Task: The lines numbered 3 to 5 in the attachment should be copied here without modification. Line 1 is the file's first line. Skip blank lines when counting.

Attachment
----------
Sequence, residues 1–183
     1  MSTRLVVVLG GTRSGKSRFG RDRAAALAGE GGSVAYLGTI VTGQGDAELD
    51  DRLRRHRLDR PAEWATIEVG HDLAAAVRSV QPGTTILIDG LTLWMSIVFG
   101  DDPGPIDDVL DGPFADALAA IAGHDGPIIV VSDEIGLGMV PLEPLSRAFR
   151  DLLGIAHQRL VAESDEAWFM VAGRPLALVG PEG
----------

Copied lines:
    51  DRLRRHRLDR PAEWATIEVG HDLAAAVRSV QPGTTILIDG LTLWMSIVFG
   101  DDPGPIDDVL DGPFADALAA IAGHDGPIIV VSDEIGLGMV PLEPLSRAFR
   151  DLLGIAHQRL VAESDEAWFM VAGRPLALVG PEG